# Carlo Sequin

Professor of Computer Science

University of California, Berkeley

Berkeley, California, USA

Looking for 3D analogies to interesting 2D patterns is a fertile approach to the development of abstract geometrical 3D sculptures. In 2001, this technique has led me to “Hilbert Cube 512” -- the third generation of a Hilbert curve in 3D space.

It started with a closed Hamiltonian circuit on the edges of a cube, and each vertex in this path was then replaced with a scaled-down version of an open Hamiltonian path on the cube.

In this year’s submission, I am inspired by yet another intriguing 2D space filling curve: the Gosper curve.

I study how it can lead to a variety of 3D sculptures that preserve some basic characteristics of the 2D curve, and which might also lead to a recursive filling of the whole 3D space.

It started with a closed Hamiltonian circuit on the edges of a cube, and each vertex in this path was then replaced with a scaled-down version of an open Hamiltonian path on the cube.

In this year’s submission, I am inspired by yet another intriguing 2D space filling curve: the Gosper curve.

I study how it can lead to a variety of 3D sculptures that preserve some basic characteristics of the 2D curve, and which might also lead to a recursive filling of the whole 3D space.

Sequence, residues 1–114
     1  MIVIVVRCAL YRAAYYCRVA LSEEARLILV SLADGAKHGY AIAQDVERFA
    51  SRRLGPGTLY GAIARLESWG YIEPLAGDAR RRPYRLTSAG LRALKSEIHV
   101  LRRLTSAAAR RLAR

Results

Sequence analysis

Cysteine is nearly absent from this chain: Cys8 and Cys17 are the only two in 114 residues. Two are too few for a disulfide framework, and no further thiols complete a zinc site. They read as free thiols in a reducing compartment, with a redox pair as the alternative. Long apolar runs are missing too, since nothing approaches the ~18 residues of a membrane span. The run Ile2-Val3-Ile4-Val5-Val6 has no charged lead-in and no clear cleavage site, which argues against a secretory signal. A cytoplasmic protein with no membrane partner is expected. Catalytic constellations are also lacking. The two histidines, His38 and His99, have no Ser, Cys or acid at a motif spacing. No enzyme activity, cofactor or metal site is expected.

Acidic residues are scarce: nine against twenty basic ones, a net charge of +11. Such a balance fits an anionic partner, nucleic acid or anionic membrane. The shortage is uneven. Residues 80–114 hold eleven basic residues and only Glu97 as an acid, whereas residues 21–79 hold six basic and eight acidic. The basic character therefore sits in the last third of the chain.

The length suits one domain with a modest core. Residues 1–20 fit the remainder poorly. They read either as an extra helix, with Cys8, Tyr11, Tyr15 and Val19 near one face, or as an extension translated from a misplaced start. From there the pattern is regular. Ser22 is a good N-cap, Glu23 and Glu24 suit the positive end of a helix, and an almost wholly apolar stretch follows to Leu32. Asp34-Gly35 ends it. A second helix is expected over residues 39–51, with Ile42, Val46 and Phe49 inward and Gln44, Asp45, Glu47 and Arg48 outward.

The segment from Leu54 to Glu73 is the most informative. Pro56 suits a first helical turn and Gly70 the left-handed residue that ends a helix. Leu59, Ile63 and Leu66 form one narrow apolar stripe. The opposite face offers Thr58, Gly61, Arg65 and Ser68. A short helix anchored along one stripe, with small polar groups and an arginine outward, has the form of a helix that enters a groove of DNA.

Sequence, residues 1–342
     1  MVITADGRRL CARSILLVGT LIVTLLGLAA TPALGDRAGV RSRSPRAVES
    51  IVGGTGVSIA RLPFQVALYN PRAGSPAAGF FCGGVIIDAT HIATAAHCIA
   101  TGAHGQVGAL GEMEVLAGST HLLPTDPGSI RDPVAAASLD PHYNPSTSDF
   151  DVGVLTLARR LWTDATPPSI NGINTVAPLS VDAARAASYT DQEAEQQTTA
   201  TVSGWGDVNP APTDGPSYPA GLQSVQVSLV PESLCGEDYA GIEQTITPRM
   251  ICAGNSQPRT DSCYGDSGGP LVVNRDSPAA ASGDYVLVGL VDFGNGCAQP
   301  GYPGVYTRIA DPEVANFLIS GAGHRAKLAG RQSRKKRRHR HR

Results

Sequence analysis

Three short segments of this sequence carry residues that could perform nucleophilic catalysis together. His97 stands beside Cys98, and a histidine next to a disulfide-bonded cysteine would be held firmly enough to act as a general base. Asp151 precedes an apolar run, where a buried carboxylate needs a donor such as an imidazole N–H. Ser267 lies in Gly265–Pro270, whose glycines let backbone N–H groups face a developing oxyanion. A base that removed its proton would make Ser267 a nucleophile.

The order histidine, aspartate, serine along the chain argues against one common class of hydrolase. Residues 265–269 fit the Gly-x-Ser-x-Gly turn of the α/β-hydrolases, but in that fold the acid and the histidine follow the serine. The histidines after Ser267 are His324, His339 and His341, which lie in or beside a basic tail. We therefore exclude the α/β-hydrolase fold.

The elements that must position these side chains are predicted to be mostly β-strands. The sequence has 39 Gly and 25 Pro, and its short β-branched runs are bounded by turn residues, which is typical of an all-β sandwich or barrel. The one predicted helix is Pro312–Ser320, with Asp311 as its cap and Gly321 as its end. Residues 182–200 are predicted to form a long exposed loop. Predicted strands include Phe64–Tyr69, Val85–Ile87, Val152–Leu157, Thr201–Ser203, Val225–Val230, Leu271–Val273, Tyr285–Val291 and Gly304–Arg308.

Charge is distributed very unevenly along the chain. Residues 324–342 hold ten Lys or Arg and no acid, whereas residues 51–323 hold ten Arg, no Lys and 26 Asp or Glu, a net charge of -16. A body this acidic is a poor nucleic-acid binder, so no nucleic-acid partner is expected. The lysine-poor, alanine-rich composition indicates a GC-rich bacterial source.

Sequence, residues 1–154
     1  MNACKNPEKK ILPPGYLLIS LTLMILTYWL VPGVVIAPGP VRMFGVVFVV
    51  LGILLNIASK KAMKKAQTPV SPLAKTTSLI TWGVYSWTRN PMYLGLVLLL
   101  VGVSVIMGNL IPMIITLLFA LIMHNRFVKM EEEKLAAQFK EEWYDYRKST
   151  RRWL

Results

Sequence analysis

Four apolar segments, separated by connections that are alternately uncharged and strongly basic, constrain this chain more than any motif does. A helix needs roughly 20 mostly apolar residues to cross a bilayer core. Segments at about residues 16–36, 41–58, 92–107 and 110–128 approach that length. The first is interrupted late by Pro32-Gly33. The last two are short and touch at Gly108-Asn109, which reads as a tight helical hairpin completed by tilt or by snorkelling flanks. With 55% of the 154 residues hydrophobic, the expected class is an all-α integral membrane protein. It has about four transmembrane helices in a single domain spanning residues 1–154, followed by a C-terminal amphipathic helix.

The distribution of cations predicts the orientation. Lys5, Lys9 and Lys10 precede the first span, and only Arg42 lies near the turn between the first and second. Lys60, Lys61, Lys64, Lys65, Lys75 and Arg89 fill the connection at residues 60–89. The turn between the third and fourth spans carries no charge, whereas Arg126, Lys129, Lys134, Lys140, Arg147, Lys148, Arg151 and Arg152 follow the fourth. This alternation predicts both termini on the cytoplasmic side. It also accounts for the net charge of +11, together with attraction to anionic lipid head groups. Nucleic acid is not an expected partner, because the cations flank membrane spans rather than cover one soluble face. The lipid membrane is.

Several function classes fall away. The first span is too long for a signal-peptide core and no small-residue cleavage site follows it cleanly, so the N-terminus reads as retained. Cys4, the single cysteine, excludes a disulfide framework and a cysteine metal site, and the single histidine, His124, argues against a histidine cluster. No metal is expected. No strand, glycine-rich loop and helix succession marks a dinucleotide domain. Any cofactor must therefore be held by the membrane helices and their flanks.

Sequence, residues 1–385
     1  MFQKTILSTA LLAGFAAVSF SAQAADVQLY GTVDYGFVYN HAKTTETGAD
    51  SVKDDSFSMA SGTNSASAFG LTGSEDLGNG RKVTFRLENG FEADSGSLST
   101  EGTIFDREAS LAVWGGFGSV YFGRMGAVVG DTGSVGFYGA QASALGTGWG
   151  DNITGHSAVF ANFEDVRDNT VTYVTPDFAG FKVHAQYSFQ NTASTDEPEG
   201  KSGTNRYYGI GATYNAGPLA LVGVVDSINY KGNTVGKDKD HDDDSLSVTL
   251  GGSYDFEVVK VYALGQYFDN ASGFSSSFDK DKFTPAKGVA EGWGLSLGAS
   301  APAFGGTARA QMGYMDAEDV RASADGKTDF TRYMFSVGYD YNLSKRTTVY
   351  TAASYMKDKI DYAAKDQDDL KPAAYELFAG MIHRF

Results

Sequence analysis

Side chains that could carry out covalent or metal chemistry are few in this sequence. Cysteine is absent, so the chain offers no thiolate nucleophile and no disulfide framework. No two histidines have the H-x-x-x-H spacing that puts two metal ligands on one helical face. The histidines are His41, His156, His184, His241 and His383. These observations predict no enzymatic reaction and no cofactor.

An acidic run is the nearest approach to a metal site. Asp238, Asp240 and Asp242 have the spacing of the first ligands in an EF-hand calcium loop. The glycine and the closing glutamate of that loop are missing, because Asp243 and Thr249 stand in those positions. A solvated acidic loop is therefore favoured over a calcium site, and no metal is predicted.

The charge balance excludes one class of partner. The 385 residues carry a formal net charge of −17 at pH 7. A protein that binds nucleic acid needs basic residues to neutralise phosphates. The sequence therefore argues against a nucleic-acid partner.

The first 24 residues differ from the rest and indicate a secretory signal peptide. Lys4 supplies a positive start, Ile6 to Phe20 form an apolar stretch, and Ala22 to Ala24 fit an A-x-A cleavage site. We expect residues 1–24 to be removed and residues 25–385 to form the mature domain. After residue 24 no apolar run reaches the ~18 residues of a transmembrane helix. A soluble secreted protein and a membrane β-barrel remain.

Gosper Ball

24 x 24 cm

Computer Graphics

2020

One presentation of the Gosper curve is on a collection of hexagonal tiles. With every recursive generation, a single hexagon is replaced with a cluster of seven scaled-down hexagons. To take this construction into 3D, the first idea is to replace a single sphere with a scaled-down cluster of 13 densely packed spheres. To obtain a proper tiling, the clusters have to be packed in such a way that all the sphere centers fall onto a common regular lattice; in this case this is the face-centered cubic (FCC) lattice. However, the 13-sphere clumps do not completely tile the FCC lattice – one of every 14 lattice-sites is left void. Still, two generations yield an interesting sculpture with 13x13 atoms, but with a somewhat uneven "surface."

Gosper-Pole

24 x 24 cm

Computer Graphics

2020

Another approach starts with a rhomboid lattice, which can be obtained by affinely stretching a cubic lattice by a factor of 2.0 in the direction of one of the space diagonals. The smallest unit that seamlessly tiles this lattice is a rhomboid composed of 8 atoms. This is just large enough to capture the key angles of 60 and 120 degrees present in the Gosper curve. A larger rhomboid tile composed of 27 lattice sites offers a richer variation in local path behavior. The presented sculpture design is based on an 8-segment rhomboid frame, in which the vertices have been populated with eight suitably connected, rhomboid clusters consisting of 27-segment 3D Gosper curves. It has a smoother surface than the 13-clump Gosper Ball.